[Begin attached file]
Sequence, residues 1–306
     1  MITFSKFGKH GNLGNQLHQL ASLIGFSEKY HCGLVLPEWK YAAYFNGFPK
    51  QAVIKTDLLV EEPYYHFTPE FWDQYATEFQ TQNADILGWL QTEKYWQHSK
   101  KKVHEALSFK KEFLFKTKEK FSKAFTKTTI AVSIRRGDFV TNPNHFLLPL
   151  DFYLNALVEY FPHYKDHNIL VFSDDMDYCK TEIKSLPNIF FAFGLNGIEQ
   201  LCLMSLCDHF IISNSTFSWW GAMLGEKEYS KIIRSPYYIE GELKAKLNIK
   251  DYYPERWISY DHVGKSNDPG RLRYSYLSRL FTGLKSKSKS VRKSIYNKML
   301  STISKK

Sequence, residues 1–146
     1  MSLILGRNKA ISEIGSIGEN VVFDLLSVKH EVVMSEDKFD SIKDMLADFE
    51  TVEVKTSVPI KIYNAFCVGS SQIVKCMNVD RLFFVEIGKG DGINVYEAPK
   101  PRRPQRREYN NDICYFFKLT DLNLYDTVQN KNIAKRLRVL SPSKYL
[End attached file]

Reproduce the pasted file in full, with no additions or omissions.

Sequence, residues 1–306
     1  MITFSKFGKH GNLGNQLHQL ASLIGFSEKY HCGLVLPEWK YAAYFNGFPK
    51  QAVIKTDLLV EEPYYHFTPE FWDQYATEFQ TQNADILGWL QTEKYWQHSK
   101  KKVHEALSFK KEFLFKTKEK FSKAFTKTTI AVSIRRGDFV TNPNHFLLPL
   151  DFYLNALVEY FPHYKDHNIL VFSDDMDYCK TEIKSLPNIF FAFGLNGIEQ
   201  LCLMSLCDHF IISNSTFSWW GAMLGEKEYS KIIRSPYYIE GELKAKLNIK
   251  DYYPERWISY DHVGKSNDPG RLRYSYLSRL FTGLKSKSKS VRKSIYNKML
   301  STISKK

Sequence, residues 1–146
     1  MSLILGRNKA ISEIGSIGEN VVFDLLSVKH EVVMSEDKFD SIKDMLADFE
    51  TVEVKTSVPI KIYNAFCVGS SQIVKCMNVD RLFFVEIGKG DGINVYEAPK
   101  PRRPQRREYN NDICYFFKLT DLNLYDTVQN KNIAKRLRVL SPSKYL